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I'm trying to solve an equation whose solutions I know are plane waves but there are a few nuances.

First, the equation is of the form $$ \partial^2_t \psi + A(r)\partial^2_r \psi +B(r) \partial_r \psi + C(r)\psi =0 $$

Second, my boundary conditions are $ \psi(a)=\psi(b)=0 $

Third, my "initial" conditions are: $$ \psi(t,r)=f(r) $$ and $$\frac{\partial \psi}{\partial t}(t,r) =g(r)$$

And finally, I'm integrating the equation backwards in time. I have a solution at a certain time $t$ and I need the solution at a much earlier time.

Given these conditions, can I just convert the partial derivatives into finite differences and proceed with the usual method applied to wave equations? Will this yield the correct results?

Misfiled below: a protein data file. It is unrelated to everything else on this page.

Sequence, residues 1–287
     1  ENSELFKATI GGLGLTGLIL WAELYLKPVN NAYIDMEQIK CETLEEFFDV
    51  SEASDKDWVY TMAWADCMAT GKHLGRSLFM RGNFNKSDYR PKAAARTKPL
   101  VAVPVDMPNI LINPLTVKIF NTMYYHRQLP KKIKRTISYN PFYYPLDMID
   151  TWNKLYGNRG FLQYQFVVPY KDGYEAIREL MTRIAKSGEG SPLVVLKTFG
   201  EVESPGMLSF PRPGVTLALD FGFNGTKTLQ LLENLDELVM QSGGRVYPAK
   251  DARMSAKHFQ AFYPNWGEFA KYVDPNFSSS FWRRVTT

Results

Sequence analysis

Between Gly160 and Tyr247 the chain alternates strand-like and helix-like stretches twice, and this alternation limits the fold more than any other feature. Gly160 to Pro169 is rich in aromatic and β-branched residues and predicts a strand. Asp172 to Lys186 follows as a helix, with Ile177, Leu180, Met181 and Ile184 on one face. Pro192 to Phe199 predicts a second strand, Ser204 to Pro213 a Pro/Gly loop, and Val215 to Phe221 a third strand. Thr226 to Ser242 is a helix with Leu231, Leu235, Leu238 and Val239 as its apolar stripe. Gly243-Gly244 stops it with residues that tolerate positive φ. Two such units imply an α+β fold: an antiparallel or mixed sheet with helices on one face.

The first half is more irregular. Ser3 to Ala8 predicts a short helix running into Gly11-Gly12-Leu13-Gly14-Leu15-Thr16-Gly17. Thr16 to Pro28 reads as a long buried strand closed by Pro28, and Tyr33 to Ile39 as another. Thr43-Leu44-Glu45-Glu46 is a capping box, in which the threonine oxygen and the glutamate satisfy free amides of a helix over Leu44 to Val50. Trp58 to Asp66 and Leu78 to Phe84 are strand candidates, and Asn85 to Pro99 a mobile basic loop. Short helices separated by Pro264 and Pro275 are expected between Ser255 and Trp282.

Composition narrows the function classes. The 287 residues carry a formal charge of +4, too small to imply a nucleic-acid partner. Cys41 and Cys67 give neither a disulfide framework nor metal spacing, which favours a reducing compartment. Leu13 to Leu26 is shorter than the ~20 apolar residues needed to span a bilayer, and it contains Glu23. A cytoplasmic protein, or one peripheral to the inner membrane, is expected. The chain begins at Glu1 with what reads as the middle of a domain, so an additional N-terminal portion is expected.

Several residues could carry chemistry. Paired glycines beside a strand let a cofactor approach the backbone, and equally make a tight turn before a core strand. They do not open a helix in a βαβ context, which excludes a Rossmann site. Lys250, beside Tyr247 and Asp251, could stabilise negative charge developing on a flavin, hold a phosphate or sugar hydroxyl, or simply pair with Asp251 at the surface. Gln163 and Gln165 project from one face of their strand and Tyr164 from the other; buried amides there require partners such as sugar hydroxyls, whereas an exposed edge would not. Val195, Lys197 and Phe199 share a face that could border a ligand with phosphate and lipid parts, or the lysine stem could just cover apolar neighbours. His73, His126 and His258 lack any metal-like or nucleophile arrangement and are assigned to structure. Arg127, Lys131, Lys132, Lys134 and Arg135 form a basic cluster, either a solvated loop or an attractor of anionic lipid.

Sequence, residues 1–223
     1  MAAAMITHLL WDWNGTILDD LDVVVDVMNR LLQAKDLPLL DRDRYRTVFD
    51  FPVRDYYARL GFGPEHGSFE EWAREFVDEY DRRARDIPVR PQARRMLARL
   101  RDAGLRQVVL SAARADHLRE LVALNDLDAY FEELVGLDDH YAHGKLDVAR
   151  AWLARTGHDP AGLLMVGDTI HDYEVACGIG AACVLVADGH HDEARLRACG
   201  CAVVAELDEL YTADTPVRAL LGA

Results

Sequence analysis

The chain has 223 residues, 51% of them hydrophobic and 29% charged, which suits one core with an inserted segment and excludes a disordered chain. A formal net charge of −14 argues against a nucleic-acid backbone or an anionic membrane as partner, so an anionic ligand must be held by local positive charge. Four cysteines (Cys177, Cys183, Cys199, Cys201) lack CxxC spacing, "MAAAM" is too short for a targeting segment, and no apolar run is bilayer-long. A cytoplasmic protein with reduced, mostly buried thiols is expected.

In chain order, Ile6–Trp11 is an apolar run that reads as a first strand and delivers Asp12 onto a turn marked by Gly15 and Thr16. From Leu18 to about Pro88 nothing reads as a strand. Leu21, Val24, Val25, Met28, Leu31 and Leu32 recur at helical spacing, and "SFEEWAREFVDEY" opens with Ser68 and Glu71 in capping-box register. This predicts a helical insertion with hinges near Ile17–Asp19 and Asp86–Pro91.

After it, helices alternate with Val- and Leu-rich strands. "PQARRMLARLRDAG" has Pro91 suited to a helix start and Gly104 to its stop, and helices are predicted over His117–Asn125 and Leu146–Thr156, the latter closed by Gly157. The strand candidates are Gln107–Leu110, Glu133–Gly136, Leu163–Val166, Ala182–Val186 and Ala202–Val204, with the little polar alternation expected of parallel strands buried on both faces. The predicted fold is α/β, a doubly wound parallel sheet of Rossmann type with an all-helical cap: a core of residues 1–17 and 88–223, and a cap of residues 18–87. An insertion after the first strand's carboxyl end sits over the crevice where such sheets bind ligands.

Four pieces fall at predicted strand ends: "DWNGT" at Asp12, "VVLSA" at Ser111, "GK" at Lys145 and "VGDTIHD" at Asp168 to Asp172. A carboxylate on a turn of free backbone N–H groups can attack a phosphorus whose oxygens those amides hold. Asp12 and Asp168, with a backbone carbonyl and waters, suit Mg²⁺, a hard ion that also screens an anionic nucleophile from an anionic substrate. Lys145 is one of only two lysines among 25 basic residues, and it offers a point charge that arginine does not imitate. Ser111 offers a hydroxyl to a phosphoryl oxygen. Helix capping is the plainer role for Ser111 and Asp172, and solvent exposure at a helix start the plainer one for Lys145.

I apologize if this is a trivial question but I just want to confirm that I'm on solid footing before I begin developing the tedious algorithm.

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    $\begingroup$ Did you perhaps change notation halfway through the question? Is the field to-be-solved-for $\psi$ or $u$? And is position $r$ or $x$? A bit murky. $\endgroup$ – rchilton1980 Mar 2 '18 at 19:58
  • $\begingroup$ @rchilton1980 That was really sloppy of me. Thanks a lot for pointing that out. I've corrected it now $\endgroup$ – pkg Mar 3 '18 at 8:13
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Yes. You can. The wave equation is time reversal.

Your PDE, namely $$\partial_{tt}u-\Delta u=0$$ is invariant under the transformation $t\to -t$. This means that if $u(x,t)$ is a solution, $u(x,-t)$ is also a solution.

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